The epidemiology of non-O157 STEC infections in England from 2012 to 2016
Author(s): ,
Kitty Mohan
Affiliations:
PHE
,
Kevin Caroll
Affiliations:
PHE
,
Lisa Harvey-Vince
Affiliations:
PHE
,
Claire Jenkins
Affiliations:
PHE
,
Amy Mikhail
Affiliations:
PHE
Sooria Balasegaram
Affiliations:
PHE
PHE ePoster Library. Mohan K. 03/20/18; 205934; 12612
Dr. Kitty Mohan
Dr. Kitty Mohan
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Abstract
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Abstract BackgroundNotifications of non-O157 Shiga Toxin Producing Escherichia Coli (STEC) infections have increased in England since local laboratories implemented PCR testing of gastrointestinal pathogens. This study describes the epidemiology of non-O157 STEC cases between 2012 and 2016 and identifies risk factors for Haemolytic Uraemic Syndrome (HUS) from clinical symptoms, virulence factors (shiga toxin (stx)1, stx2 and eae,) and stx subtypes.MethodsWe analysed laboratory typing results for isolates of non-O157 STEC including presence of stx1, stx2 and eae between 2012 and 2016. We reviewed local records for symptoms, case risk group and onward transmission. We undertook univariate and multivariable analyses to identify exposures associated with HUS amongst non-O157 STEC cases.Results5527 specimens were tested for non-O157 STEC. 1190 were positive for one of stx1, stx2, eae, faecal culture or serology for a non-O157 STEC serogroup. Of 797 culture or serology confirmed isolates, 71 had stx subtypes 2a, 2c and/or 2d.HUS was seen in 3.4% (41/1190) of cases with any laboratory evidence of non-O157 E. coli exposure and associated with stx2 and eae positivity (Odds ratio (OR) 12.6; 95% Confidence Interval (95%CI) 5.7-29.1.Amongst culture or serology confirmed cases, 4.4% (35/797) had HUS, associated with vomiting (OR 8.9; 95%CI 2.8-28.1), bloody diarrhoea (OR 5.5; 95%CI 1.7-18.1), symptomatic epidemiological link (OR 4.4; 95%CI 4.4-48.9), age under 6 years (OR 4.2;95%CI 1.3-13.2) . All HUS cases were stx subtypes 2a, 2c, and/or 2d.ConclusionsThis work has improved our understanding of the contribution of non-O157 serogroups to the STEC severe disease burden. We recommend inclusion of virulence factors, age and presence of vomiting or bloody diarrhoea in algorithms to identify non-O157 STEC cases at risk of severe disease. Funding No funding received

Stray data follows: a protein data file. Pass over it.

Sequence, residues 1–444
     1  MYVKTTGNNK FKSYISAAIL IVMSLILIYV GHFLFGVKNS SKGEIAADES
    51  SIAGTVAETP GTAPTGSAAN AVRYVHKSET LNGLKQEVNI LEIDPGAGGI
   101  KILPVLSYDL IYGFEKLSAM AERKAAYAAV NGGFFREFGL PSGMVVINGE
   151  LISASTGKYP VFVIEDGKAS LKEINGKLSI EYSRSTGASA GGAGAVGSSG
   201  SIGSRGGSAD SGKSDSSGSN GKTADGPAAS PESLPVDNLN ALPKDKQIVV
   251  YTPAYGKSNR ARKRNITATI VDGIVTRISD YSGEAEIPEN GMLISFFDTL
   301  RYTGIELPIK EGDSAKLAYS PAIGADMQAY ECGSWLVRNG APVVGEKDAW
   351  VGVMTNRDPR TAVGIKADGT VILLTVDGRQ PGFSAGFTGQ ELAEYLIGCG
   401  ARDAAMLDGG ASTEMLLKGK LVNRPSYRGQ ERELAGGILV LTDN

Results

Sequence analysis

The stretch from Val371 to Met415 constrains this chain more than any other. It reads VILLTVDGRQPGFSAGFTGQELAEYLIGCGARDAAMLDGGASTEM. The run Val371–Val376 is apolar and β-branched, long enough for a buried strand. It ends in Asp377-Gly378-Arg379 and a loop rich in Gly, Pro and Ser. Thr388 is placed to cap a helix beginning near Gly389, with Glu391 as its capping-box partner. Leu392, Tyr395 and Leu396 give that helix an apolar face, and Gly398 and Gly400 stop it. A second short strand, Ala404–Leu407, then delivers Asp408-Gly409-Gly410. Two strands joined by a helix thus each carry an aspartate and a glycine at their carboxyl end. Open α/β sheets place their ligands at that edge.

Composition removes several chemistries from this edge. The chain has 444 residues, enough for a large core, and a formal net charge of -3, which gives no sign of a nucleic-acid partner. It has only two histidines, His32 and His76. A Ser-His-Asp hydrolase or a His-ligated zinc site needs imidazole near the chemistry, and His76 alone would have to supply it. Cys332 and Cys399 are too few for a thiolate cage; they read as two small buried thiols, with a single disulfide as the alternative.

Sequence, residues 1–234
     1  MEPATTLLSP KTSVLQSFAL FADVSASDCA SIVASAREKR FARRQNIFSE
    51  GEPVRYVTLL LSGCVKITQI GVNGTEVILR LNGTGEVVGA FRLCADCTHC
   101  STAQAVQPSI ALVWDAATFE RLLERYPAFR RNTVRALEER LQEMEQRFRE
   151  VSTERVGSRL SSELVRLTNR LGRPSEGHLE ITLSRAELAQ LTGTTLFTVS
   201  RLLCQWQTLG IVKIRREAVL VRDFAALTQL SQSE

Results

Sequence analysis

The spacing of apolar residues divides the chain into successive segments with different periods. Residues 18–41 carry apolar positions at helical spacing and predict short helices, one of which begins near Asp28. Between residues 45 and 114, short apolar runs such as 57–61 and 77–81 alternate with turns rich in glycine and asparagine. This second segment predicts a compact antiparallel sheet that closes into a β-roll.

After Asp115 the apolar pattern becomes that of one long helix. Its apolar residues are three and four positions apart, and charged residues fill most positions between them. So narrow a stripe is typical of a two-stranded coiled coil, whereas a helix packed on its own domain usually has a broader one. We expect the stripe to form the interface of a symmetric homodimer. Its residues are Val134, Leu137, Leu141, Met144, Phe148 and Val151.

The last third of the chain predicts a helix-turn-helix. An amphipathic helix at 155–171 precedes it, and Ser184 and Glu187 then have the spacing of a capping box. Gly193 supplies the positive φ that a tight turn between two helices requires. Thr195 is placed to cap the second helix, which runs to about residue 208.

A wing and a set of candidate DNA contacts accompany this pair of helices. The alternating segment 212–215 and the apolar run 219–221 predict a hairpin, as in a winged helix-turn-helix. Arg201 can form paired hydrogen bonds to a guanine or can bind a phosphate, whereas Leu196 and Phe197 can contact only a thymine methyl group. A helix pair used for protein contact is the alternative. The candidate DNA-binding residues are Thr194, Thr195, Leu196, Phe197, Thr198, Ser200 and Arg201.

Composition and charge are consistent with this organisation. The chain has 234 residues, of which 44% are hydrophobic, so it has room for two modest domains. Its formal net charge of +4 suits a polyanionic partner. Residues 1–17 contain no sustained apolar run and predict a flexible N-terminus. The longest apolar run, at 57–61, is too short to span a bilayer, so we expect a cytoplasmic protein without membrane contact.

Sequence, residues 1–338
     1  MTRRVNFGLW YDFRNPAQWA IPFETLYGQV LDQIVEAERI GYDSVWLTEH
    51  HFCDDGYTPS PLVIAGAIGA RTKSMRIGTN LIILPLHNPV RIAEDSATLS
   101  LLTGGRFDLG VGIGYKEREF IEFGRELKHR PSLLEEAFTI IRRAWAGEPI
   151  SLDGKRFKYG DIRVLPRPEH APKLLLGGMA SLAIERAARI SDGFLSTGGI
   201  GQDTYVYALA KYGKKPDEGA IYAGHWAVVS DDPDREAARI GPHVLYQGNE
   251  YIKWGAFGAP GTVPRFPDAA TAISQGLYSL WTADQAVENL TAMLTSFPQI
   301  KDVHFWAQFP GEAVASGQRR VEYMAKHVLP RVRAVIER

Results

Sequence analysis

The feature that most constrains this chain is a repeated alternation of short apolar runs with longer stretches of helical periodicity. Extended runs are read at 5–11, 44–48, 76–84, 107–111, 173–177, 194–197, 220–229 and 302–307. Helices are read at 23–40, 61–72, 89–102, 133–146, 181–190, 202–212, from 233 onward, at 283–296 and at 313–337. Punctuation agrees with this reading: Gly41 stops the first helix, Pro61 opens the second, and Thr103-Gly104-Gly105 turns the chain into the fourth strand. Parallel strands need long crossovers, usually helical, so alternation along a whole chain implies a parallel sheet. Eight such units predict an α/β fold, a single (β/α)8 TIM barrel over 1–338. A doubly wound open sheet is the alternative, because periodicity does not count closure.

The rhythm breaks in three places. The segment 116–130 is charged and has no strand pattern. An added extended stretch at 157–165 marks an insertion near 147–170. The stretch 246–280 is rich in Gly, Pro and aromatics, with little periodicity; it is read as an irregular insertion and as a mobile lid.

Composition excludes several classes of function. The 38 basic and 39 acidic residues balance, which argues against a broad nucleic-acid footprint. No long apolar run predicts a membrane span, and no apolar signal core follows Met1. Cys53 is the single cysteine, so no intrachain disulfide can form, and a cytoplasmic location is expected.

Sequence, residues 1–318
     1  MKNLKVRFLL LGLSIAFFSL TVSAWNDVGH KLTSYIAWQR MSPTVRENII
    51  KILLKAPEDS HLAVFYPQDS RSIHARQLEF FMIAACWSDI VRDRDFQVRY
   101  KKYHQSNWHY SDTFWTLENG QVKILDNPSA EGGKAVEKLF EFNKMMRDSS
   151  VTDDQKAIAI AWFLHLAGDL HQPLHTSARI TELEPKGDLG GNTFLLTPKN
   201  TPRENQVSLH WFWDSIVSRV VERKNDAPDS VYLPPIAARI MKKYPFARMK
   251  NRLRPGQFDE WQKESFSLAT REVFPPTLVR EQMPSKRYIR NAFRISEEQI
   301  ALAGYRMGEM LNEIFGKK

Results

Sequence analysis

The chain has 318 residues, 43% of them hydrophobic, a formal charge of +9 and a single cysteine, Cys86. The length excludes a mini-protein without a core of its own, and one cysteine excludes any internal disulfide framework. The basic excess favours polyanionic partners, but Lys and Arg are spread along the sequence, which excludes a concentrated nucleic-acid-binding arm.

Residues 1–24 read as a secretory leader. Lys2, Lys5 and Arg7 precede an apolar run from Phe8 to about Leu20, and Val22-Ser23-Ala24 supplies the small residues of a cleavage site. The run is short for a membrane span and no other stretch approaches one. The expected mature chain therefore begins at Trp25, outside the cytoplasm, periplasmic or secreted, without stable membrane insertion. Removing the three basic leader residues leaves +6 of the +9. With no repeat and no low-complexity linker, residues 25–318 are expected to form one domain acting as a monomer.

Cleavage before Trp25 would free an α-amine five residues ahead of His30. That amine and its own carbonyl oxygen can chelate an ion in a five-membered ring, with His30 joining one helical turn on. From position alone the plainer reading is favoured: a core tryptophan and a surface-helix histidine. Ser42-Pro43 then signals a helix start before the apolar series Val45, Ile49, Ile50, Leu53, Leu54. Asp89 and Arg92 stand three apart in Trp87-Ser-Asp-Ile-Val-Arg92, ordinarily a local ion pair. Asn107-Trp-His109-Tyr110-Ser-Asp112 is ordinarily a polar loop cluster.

Abstract BackgroundNotifications of non-O157 Shiga Toxin Producing Escherichia Coli (STEC) infections have increased in England since local laboratories implemented PCR testing of gastrointestinal pathogens. This study describes the epidemiology of non-O157 STEC cases between 2012 and 2016 and identifies risk factors for Haemolytic Uraemic Syndrome (HUS) from clinical symptoms, virulence factors (shiga toxin (stx)1, stx2 and eae,) and stx subtypes.MethodsWe analysed laboratory typing results for isolates of non-O157 STEC including presence of stx1, stx2 and eae between 2012 and 2016. We reviewed local records for symptoms, case risk group and onward transmission. We undertook univariate and multivariable analyses to identify exposures associated with HUS amongst non-O157 STEC cases.Results5527 specimens were tested for non-O157 STEC. 1190 were positive for one of stx1, stx2, eae, faecal culture or serology for a non-O157 STEC serogroup. Of 797 culture or serology confirmed isolates, 71 had stx subtypes 2a, 2c and/or 2d.HUS was seen in 3.4% (41/1190) of cases with any laboratory evidence of non-O157 E. coli exposure and associated with stx2 and eae positivity (Odds ratio (OR) 12.6; 95% Confidence Interval (95%CI) 5.7-29.1.Amongst culture or serology confirmed cases, 4.4% (35/797) had HUS, associated with vomiting (OR 8.9; 95%CI 2.8-28.1), bloody diarrhoea (OR 5.5; 95%CI 1.7-18.1), symptomatic epidemiological link (OR 4.4; 95%CI 4.4-48.9), age under 6 years (OR 4.2;95%CI 1.3-13.2) . All HUS cases were stx subtypes 2a, 2c, and/or 2d.ConclusionsThis work has improved our understanding of the contribution of non-O157 serogroups to the STEC severe disease burden. We recommend inclusion of virulence factors, age and presence of vomiting or bloody diarrhoea in algorithms to identify non-O157 STEC cases at risk of severe disease. Funding No funding received
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